Referring now more particularly to FIG. 1 of the drawings, there is shown at numeral 1 an iron base sheet which may be composed of a low carbon steel, for example, 1010 steel. To this has been metallurgically bonded two cladding sheets 3 of aluminum. Appropriate cladding means and methods are, for example but Without limitation, disclosed in United States Patents 2,691,815 and 2,753,623. Solid-phase bonding, such as shown in these patents, is employed in carrying out the invention because no extraneous material is involved at the bond, other than intermetallic compounds of the metals which `are preliminarily bonded, such metals being those which ultimately make up the desired alloy. The bonded sheet is rolled down to a total thickness of, for example, .005 inch, which is to say that the sheet may have been rolled down from a previously bonded ironaluminum combination of greater thicknesses of its various layers. The thickness ratio of aluminum-iron-aluminum as rolled down is, for example, 10-80-10. This provides approximately 8% of aluminum by weight in the composite sheet shown in FIG. 1, according to this example.
The .O05 inch composite sheet example thus described and illustrated in FIG. 1 is subjected to a first heating step by heating in air for an hour or so to a temperature in the range from 1,000 F. to 1,500 F. Since the melting point of aluminum is approximately 1,200 F., this temperature range covers cases in which the aluminum does not melt during the first heating step, and cases wherein it does so. It has been found that even when the temperature of the iirst heating step exceeds the melting point of aluminum that little or no difliculty is encountered with run-off of the aluminum during this first heating step. While I do not wish to be bound by any theories, it is believed that this phenomenon may at least in part be due to the thinness of the aluminum layer, which permits surface ltension to preponderate over any tendency to run-olf, and due in part to the presence of an oxide lm on the aluminum cladding which also helps to prevent run-off.
FIG. 2 shows the result of the iirst heating step above described which is the conversion of the aluminum layers 3 of FIG. 1 into layers 5 and 7, shown in FIG. 2. These 3 are constituted'by intermetallic compounds of iron and aluminum, such as, for example, Fe3Al5 and others. In FIG. 2 the base is numbered 1.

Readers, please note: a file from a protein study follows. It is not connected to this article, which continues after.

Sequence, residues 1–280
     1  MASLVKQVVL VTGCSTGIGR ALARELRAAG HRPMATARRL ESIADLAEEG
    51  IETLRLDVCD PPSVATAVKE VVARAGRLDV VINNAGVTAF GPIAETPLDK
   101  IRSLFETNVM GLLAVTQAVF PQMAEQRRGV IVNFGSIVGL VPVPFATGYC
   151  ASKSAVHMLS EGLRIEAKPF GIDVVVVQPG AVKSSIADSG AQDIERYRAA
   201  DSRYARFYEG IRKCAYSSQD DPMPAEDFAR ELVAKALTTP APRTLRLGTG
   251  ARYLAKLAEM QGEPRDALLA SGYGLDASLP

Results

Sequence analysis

Next a diffusion or homogenizing step is employed wherein the product illustrated in FIG. 2 is transferred to a controlled-atmosphere lfurnace having, for example, an inert or nonoxidizing atmosphere such as argon to prevent further oxidation 'such as may have occurred in the first heating step. This furnace is operated at or above the melting point of the intermetallic compounds constituting lthe cladding sheets 5 yand 7 of FIG. 2. Thus, the approximate melting point of the ironaluminum intermetallic compound, for example, Fe3Al5, is 2,120 F. Therefore, a satisfactory operating temperature for the controlled-atmosphere furnace is 2,300 F. This is below the melting point of iron, which melts at approximately 2,800 F. Again, the layers of the intermetallio compounds do not tend to run off. Heating is continued at the selected temperature of 2,300 F., for example, for approximately four hours. The exact maximum temperature that may be carried in the controlled-atmosphere furnace depends somewhat upon the percentage of the ratio of aluminum to iron used, because the melting point of iron-aluminum alloy produced, varies somewhat with the percentage of aluminum therein. It is also intended -not to exceed at any stage the melting point of the iron base sheet 1 or 1. Thus the desirable temperature range of operation of this furnace may be between 2,120 F. and the melting point of iron, as influenced by the amount of aluminum that it may have in it as this heating step proceeds. However, 2,300 F. is a satisfactory temperature. After the four-hour 2,300 F. heat treatment, the layers 1, 5 and 7 of FIG. 2 become converted to a homogeneous solid solution alloy of iron and aluminum, being a true alloy of these components. This is illustrated at numeral 9 in FIG. 3.
An advantage of this method of making iron-aluminum alloys lies in the fact that an unalloyed composite such as shown in FIG. 1 can be annealed and readily formed, since no substantial brittle stage has been reached which would complicate such working or render the material unworkable. This is subsequently alloyed as described in connection with FIGS. 2 and 3 by the simple heat treatments described herein. This postpones the brittle condition until any desired working has been completed. Iron-aluminum alloys as made by the former all-liquidphase method reach the brittle condition before working is possible, so that any working step required becomes costly and difficult and in some cases impossible. Former methods also have resulted in alloys and problems generally characterized by lack of homogeneity in the alloy, and by poor ductility and formability, all of which problems are obviated or at least minimized by means of the present invention.
The iron-aluminum ratio selected for the clad material of FIG. l is such as to obtain the percentage of aluminum desired inthe finished alloy. In some instances the first heating step described in connection with convert-ing from the FIG. l formation to the FIG. 2 formation may be omitted; but it is preferred that it be employed because it is believed that greater uniformity of composition and cross section may be achieved with the two-step process.